Built in 1932, Alvear Palace is an old-world Belle Époque (era of European peace and prosperity) landmark. Buenos Aires is often referred to as the ‘Paris of South America’ due to Europe’s influence, but it’s very much its own beautiful mess of a city. We’ll let Paris be Paris and Buenos Aires be Buenos Aires.
Walking up to the revolving doors, I felt as though my dress and new boots still weren’t enough to compete with the well-heeled crowd that frequented the Alvear.
Nevertheless, I went on my merry way. Lavish details stood out such as soaring ceilings, crystal chandeliers and fine fabrics in the common spaces of the hotel. In my mind, this room looks like a lindt chocolate tastes – silky smooth and oh so decadent.
The 191 rooms at the Alvear are designed in Louis XIV and Louis XVI style, with silk drapes, Empire-style furniture, and paintings by Argentine artists. Swooooooon!
This bedroom though! Is that a gold bed? Why yes, I think it is…sure to give any traveler interior envy…
…and *suite* dreams!
The view from the suite didn’t disappoint, especially since I’ve grown to love the Buenos Aires skyline over the past couple of years.
Hello from the other side!
Translate this: Te pido una copa de Malbec, por favor?
English translation: Can I order a cup of Malbec, please? Actually, hold the cup. I’ll take a bottle…
Mil gracias, señor!
Breakfast was a highlight at the Alvear Palace, as it often is a highlight of my every day life. Afternoon tea is also served in the L’Orangerie restaurant, combining English tradition with Argentina’s obsession for sweets. NOM.
Argentines love their carbs, especially crescent shaped croissants called medialunas. I could live off of them, but then I’d be 400 lbs.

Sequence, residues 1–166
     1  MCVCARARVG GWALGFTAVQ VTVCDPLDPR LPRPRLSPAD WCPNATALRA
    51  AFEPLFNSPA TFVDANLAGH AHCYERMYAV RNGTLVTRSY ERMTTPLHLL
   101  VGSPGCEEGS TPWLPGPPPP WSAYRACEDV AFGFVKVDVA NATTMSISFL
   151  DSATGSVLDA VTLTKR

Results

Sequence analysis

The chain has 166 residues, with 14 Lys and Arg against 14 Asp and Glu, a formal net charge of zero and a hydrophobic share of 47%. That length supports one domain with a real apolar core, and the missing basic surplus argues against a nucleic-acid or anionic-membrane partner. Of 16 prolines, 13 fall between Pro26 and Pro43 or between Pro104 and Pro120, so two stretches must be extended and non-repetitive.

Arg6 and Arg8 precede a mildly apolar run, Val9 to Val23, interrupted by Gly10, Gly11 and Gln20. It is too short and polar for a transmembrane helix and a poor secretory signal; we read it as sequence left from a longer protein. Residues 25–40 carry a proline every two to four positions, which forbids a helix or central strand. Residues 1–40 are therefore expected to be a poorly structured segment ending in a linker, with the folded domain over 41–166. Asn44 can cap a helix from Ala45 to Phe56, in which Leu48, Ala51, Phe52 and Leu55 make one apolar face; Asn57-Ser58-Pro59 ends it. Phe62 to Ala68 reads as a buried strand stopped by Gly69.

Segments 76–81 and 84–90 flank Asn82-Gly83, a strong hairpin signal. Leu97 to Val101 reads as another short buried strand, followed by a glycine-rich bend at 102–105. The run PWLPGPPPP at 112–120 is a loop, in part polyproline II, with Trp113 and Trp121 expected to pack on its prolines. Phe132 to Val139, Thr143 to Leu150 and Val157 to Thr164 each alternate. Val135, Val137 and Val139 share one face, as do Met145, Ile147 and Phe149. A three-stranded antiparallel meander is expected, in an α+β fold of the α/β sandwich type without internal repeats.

Of course they also have the traditional Americano breakfast with all the fixins. Do you take yours salty or sweet?
For me, I’m always on the sweet side. If I were a food, I’d be granola.
Scratch that. I’d be an alfajor – a traditional Argentina snack made with dulce de leche between two cookies.
Moving right along with the food theme, the French cuisine at La Bourgogne is something to write home about. Bon appétit!
And here we have the famous Alvear Palace staircase. I climbed (okay, took the elevator) to the 11th floor to get this shot. All in a hard day’s work!
View from the bottom floor. Don’t forget to look up!
Buenos Aires can feel like a concrete jungles sometimes despite its many parks, but the Alvear Palace has made sure to incorporate green spaces inside its walls. Ahhh. Breath, relax, zen, repeat.
Although the hotel is currently undergoing a pool reno on the 10th floor, this indoor pool on the 2nd floor served its purpose just fine during my stay. There’s an old school charm I quite admire about it…
So, naturally, I had to get in. There were clouds on the ceiling. Do you blame me?
The Road Les Traveled was welcomed to the Alvear Palace as a guest. Our opinions are our own, and we’ll do as we please…such as arrive to the lobby via banister. Chau for now!
How To Get There
LAN Airlines offers direct flights to Buenos Aires’ Ezeiza International Airport (EZE) from Miami, New York and Los Angeles. Tip: Premium Business Class is where you want to be. It’s so good you’ll probably want to do the round-trip again. And again. And again.